Going to Collge: Guidelines in Making Career Decisions

College work is more difficult than studies in the high school. The method of instruction is different; the manner of conducting classes is different; the personal supervision that you had in high school will be exchanged for more liberty and independence, more self-study on your part.


College offers many courses. Would you like to be a doctor, nurse, lawyer, teacher, engineer, architect? Each of these professions/occupations will demand certain qualities in you. A medical doctor must have zeal in curing the sick; a lawyer must burn with the desire to right wrongs; a nurse must have the patience and understanding to take care of the sick; a teacher must have the courage and intelligence to lead others to the pursuit of truth.

Before choosing a career or profession, you must do a lot of thinking. Thus, here are some listed guidelines to help you or your relatives who're entering college in order to pick the right choice.


Guidelines in Making Career Decisions

More than ever, the student of today must be future-oriented. Because of rapidly advancing technology, it is estimated that a normal teenage senior high school now would/may have as many as six careers during his or her lifetime. Yes, careers, not just jobs. This means that the person who learns to make decisions appropriately early in life will have advantages over one who moves along by trial and error.

Wrong decisions cause problems instead of solving them. Therefore, getting ready to make a decision is part of decision making.

So where do you start?

Begin with yourself. What do you want to be five or ten years from now. Make a list of your capabilities and shortcomings under the headings "Assets" and "Liabilities". You may wish to check this self-analysis with your teacher, with your friends, or your school guidance counselor.


Remembering that effective career planning involves more than just matching individual aptitudes to future job requirements, study the following Occupational Groupings prepared by an American psychology professor, B. von Haller Gilmer.

Group I: Service

These are people who work for the "common good" or who "render service", such as educational and vocational counselors, social workers, NBI angents, hairdressers, ushers and watchmen. Persons in this group tend to be high in social values. High verbal skill is found at the upper levels of these jobs.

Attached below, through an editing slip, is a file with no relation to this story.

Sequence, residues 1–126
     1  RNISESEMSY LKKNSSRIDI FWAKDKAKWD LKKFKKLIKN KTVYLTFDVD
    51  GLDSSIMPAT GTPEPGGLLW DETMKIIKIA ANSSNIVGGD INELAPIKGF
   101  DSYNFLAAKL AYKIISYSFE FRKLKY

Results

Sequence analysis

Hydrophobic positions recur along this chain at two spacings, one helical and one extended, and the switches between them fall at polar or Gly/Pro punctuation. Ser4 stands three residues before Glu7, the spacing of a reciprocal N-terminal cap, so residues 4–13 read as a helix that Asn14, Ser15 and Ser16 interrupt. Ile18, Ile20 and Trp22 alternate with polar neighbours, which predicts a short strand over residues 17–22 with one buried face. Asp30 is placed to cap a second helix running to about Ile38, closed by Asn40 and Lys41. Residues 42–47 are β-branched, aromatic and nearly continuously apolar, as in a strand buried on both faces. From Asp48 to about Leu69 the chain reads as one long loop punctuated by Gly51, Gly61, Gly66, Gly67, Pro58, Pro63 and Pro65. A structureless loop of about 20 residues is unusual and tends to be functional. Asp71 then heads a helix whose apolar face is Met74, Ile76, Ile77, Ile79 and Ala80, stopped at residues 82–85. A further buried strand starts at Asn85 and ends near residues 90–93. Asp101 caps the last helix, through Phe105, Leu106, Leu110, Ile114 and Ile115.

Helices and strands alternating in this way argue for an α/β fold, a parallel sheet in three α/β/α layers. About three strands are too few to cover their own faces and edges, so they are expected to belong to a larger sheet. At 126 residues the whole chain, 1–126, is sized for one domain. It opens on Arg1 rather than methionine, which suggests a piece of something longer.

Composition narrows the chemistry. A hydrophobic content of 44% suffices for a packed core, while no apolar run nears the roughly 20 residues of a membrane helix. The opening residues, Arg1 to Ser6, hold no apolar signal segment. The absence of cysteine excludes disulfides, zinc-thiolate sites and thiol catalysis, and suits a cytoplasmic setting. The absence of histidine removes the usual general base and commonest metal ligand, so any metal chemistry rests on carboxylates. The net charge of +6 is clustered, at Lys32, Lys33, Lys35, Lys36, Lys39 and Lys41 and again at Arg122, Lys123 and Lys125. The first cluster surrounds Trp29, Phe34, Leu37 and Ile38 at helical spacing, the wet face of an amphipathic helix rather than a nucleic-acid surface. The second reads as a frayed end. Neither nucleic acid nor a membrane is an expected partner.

Group II: Business Contact

Salesmen and saleswomen, buyers, agents interviewers, and peddlers. These people score rather high on tests of influence.

Group III: Organization

Industrial executives, personnel managers, postmaster, foremen, and file clerks have a high interest in personal relationships.

Group IV: Technology

Engineers, factory managers, contractors, mechanics, and truck drivers. In the upper levels of these jobs one finds persons with intellectual interests are high. This group is "object-oriented".

Group V: Outdoors

Landowners, farmers, and laborers tend to come from family backgrounds of the same sort. Intellectual and artistic interests range widely among those in this group. Mechanical interests are often high also.

Group VI: Science

Mathematicians, scientists, physicians, nurses, medical technicians, and embalmers have strong intellectual interests.

Group VII: General Culture

Teachers, clergymen and clergywomen (or priests and nuns), news commentators, librarians, and reporters belong to this group. They are verbally oriented and usuallt interested in people.

Group VIII: Arts & Entertainment

Artists, professional athletes, showmen, race drivers, and stagehands are part of this group. Special artistic or physical abilities play an important rule here. These people do not shy away from being on the public eye.

The person who "likes people" will generally choose profession or occupations in which friendly, frequent contact with others is a part of the job. Working "with things" does not necessarily mean dislike for people. Those who like to work with things tend toward production-oriented enterprises. The person who wants to manage will find himself in the organizational setting which prizes practical decision making. The artistic types tend to group together and seek occupations which do not demand clock punching.

“All our dreams can come true, if we have the courage to pursue them.” – Walt Disney


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